Half of the patients presented some type of morbidity, and systemic arterial hypertension was the most prevalent. However, cases of disabling disease were not observed (39% of patients had regular physical activity). A total of 44% of patients had regular use of medications, most of which were antihypertensive drugs (Table 1).

Relevant echocardiographic findings

Only 17 (3.4%) patients presented some relevant change on the echocardiogram (95%CI=2.0–5.4%). The most frequent changes were moderate valve changes (8 patients), followed by diastolic dysfunction grade II (6 patients), and moderate (two patients) and marked (two patients) left ventricular systolic dysfunctions. Findings corresponding to pulmonary arterial hypertension, dilation of the right ventricle, cardiac masses or tumors as well as pericardial changes were not observed in the tests (Table 2).

Table 2. Proportion of relevant findings in inappropriate echocardiograms. 

Relevant findings Frequencies (%) 95%CI
Tests with at least one relevant finding 17 (3.4) 2.0–5.4
Systolic dysfunction
Moderate 2 (0.4) 0.05–1.4
Important 2 (0.4) 0.05–1.4
Diastolic dysfunction
Grade II 6 (1.2) 0.44–2.6
Grade III 0
Grade IV 0
Change in contractility
Hypokinesia 1 (0.2) 0.01–1.1
Akinesia 2 (0.4) 0.05–1.4
Dyskinesia 0
Valvar change 8 (1.6) 0.7–3.1
Moderate mitral insufficiency 4 (0.8) 0.22–2.6
Important mitral insufficiency 1 (0.2) 0.01–1.1
Moderate aortic stenosis 1 (0.2) 0.01–1.1
Moderate aortic insufficiency 1 (0.2) 0.01–1.1
Important aortic insufficiency 1 (0.2) 0.01–1.1
Dilatation of the left ventricle
Moderate 0
Important 2 (0.4) 0.05–1.4
Dilatation of the right ventricle
Moderate 0
Important 0
Pulmonary arterial hypertension 0
Congenial heart disease
Subvalvar aortic stenosis 1 (0.2) 0.01–1.1
Cardiac masses or tumors 0

Relevant echocardiographic findings were observed only in three types of indications for inappropriate echocardiogram request. Most of these findings occurred in tests whose indication corresponded to a routine evaluation of systemic arterial hypertension (with no sign or symptom of hypertensive heart disease; 13 tests), followed by routine perioperative evaluation of ventricular function (with no sign or symptom of cardiovascular disease; 3 tests), and indication of initial evaluation of ventricular function (screening; with no sign or symptom of cardiovascular disease; 1 test).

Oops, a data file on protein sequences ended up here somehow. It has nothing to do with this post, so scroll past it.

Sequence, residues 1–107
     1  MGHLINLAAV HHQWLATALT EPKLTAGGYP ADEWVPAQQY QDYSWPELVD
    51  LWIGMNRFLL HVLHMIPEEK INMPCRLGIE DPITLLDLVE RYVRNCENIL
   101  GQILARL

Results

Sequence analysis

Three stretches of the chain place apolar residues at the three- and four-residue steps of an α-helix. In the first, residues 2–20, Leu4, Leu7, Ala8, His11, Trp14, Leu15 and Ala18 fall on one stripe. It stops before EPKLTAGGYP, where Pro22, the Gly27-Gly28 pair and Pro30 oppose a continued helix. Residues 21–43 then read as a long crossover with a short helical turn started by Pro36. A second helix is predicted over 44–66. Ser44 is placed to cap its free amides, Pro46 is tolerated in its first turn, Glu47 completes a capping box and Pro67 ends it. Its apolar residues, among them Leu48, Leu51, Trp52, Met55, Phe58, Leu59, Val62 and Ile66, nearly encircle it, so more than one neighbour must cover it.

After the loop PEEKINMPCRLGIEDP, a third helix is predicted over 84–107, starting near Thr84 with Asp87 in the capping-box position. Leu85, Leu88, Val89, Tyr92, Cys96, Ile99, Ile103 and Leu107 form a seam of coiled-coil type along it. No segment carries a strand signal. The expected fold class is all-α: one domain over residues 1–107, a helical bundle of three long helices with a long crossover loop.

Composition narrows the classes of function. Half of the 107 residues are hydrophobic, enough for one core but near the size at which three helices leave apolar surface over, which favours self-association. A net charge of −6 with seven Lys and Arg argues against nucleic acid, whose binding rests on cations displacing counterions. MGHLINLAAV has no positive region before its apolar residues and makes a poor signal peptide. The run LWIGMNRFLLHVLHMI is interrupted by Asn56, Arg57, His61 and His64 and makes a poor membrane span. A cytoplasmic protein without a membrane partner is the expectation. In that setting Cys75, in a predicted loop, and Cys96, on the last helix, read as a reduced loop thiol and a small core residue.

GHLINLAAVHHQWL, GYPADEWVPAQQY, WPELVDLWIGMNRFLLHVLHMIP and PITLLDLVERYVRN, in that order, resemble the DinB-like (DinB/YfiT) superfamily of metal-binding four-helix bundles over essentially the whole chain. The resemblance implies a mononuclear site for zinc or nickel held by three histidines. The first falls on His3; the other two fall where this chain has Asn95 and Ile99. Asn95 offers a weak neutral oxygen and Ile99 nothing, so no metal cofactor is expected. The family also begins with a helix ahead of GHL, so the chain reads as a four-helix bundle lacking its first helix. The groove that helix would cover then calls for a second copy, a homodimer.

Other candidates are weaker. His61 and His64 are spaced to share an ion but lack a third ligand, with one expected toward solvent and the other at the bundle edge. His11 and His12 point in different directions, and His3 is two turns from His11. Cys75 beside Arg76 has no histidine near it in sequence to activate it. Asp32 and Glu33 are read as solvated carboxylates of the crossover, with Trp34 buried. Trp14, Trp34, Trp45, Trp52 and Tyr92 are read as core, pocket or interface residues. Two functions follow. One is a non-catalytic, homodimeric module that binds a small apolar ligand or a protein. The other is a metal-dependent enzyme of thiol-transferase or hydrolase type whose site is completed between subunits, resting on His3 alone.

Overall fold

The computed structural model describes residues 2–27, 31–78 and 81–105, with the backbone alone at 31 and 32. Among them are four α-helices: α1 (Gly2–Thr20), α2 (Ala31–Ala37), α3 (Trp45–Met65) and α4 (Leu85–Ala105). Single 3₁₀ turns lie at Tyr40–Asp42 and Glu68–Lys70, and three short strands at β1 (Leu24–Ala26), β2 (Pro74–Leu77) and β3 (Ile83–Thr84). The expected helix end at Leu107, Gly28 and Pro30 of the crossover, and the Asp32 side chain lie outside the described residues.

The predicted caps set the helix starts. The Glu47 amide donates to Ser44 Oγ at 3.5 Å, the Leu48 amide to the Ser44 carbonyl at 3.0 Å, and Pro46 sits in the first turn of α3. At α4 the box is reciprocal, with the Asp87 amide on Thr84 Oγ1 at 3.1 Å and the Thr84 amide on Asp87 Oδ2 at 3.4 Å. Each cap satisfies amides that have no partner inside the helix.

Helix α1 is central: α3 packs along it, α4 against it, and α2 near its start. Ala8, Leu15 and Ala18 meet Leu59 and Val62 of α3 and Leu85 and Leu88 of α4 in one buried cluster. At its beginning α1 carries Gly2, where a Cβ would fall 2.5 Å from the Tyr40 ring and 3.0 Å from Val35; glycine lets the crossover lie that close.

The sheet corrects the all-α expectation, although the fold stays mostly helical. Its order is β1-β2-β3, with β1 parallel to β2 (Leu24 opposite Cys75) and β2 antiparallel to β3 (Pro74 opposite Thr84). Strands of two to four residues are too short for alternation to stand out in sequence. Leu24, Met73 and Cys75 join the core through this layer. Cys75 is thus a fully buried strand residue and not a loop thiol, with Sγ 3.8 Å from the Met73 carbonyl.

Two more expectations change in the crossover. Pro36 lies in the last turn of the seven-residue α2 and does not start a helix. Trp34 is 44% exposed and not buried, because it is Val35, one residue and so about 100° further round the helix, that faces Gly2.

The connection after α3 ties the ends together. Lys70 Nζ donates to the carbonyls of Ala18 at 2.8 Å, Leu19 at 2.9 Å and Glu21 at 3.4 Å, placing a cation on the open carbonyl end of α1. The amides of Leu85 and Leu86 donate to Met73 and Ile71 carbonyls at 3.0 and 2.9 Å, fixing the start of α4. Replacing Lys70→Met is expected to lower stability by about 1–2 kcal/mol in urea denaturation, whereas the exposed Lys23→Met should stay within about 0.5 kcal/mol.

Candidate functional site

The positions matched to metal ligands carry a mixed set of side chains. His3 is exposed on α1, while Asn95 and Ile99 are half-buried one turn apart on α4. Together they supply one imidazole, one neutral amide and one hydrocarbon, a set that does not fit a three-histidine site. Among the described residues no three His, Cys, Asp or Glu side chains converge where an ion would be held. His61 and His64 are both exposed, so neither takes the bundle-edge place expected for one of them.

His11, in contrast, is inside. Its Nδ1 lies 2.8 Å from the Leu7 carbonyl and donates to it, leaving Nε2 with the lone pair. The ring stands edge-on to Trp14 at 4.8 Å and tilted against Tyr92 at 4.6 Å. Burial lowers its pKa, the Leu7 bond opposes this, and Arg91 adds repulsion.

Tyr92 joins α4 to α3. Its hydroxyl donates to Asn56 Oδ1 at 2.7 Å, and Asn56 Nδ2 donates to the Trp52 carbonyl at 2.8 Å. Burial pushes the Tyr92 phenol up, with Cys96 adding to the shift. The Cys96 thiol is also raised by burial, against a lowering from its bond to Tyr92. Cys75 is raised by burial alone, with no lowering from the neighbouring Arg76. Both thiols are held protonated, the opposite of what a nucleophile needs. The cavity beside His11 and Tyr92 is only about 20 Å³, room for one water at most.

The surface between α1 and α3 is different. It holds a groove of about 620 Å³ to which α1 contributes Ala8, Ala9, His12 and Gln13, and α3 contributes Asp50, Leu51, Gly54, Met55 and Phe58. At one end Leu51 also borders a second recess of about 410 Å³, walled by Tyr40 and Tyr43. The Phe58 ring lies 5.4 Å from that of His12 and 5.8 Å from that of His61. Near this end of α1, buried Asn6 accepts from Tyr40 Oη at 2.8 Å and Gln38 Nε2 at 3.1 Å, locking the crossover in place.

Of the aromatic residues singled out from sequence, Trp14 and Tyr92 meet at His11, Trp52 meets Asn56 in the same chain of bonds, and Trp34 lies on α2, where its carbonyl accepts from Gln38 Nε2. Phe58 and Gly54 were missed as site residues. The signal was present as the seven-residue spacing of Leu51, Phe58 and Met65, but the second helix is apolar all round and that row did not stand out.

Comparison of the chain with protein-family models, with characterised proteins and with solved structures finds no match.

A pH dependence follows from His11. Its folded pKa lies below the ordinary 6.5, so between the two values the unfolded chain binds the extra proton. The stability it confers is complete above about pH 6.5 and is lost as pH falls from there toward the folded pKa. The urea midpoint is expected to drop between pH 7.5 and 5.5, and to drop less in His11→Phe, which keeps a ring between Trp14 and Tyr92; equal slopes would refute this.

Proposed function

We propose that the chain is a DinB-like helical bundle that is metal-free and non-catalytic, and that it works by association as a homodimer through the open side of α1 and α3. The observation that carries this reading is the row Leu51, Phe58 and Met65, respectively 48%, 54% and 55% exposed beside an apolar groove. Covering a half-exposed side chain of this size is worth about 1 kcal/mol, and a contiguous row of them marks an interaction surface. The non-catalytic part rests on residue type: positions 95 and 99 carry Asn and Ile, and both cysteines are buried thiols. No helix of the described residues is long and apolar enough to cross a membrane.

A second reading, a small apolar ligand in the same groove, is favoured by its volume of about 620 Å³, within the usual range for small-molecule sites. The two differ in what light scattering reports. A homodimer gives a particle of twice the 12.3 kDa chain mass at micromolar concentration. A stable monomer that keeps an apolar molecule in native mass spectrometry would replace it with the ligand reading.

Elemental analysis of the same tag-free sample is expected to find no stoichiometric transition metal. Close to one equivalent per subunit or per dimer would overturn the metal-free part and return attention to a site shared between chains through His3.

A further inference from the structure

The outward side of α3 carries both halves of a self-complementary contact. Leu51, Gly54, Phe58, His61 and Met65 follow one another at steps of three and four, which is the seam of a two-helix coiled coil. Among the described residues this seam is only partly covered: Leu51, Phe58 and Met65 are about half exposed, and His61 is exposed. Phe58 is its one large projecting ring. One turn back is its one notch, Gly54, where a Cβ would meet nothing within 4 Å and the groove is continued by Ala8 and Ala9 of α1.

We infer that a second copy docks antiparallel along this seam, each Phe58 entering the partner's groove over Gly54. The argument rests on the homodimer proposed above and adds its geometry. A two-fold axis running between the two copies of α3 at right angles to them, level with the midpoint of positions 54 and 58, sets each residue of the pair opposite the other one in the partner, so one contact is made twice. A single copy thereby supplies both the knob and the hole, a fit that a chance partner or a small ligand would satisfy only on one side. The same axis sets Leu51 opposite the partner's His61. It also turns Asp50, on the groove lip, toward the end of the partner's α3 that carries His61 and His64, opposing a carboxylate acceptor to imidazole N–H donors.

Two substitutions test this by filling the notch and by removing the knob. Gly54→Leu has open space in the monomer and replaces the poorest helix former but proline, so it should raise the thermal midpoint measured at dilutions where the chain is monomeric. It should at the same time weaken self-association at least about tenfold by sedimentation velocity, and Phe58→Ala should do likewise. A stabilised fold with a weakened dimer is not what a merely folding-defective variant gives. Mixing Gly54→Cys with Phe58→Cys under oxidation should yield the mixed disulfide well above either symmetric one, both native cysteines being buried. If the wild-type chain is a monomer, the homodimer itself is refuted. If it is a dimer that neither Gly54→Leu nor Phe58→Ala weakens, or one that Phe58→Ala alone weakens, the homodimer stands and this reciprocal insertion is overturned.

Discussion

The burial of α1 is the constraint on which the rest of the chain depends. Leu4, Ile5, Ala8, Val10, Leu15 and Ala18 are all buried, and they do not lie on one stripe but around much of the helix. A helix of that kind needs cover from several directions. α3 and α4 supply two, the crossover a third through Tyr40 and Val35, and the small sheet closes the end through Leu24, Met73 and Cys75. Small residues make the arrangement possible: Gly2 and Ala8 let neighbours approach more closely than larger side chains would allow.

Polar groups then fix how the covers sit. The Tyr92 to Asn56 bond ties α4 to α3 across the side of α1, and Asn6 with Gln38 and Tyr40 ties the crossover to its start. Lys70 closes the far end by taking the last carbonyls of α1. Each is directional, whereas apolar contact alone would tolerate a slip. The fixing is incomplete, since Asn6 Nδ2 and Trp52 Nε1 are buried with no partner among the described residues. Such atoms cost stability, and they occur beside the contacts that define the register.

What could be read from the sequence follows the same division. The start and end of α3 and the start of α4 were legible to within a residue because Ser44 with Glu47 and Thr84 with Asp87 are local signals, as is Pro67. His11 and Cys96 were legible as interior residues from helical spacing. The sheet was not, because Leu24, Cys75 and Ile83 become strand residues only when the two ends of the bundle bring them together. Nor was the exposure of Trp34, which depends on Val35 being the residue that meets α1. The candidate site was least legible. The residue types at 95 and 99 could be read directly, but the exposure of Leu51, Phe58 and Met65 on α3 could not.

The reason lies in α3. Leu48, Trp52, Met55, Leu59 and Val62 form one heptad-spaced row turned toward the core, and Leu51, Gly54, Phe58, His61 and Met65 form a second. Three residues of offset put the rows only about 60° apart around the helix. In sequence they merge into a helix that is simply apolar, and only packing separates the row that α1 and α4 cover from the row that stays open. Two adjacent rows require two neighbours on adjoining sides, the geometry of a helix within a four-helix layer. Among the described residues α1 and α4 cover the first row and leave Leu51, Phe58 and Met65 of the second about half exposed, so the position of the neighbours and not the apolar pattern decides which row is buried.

Agreement in perception by cardiologists and patients

Most patients (92%) and few cardiologists (5%) responded that the test was very necessary, with agreement of only 9% (negative Kappa of 0.04; statistically significant for disagreement; P=0.01). Most patients (90%) and few cardiologists (6%) answered that there was a great chance of finding a significant change, with agreement of only 11% (negative kappa of 0.04; statistically significant for disagreement; P=0.021). Regarding the question about the reason for undergoing the test, 65% of patients and 42% of cardiologists answered “checkup (no symptom)”; whereas 31% of patients and 18% of cardiologists answered “to investigate the cause of symptoms”; and 4% of patients and 40% of cardiologists answered “evaluation of an existing disease” (agreement: 51%; Kappa=0.24; P<0.001; Table 3).

Table 3. Agreement between physicians' and patients' perceptions regarding the utility and reason of tests. 

Questions Patients (%) Physicians (%) Kappa values P values
1. Test was much needed 92 5 −0.04 0.01
2. High chance of identifying a significant cardiac change 90 6 −0.04 0.01
3. Reason for the test
Checkup (no symptoms) 65 42
Investigation of the cause of symptoms 31 18 0.24 <0.001
Evaluation of an existing disease 4 40

Discussion

In the present study, two observations were evident: first, the frequency of relevant findings obtained in echocardiograms requested in inappropriate situations was very low, reinforcing the little utility of these tests; second, there is no agreement between the opinions of cardiologists and their patients regarding utility of these tests, suggesting that the physicians' notion of test utility is not adequately communicated to their patients.

The characteristics of the study population and the situations in which the tests were requested justify the above result. These tests were performed on an elective basis in patients free from previously diagnosed heart disease. In addition, a significant number of patients had initial ventricular function evaluation (screening) as indication, with no sign or symptom of cardiovascular disease. This information shows that echocardiographic tests, which are classified as inappropriate, contribute little to discover important cardiac changes. The impact of these results is likely to be small in relation to future clinical decisions that imply changes in medical conduct regarding patient care. The reason is that the rate of change in the clinical management of patients is considered low even after tests classified as appropriate (17). Therefore, our data reinforce their classification as inappropriate as proposed by the American College of Cardiology.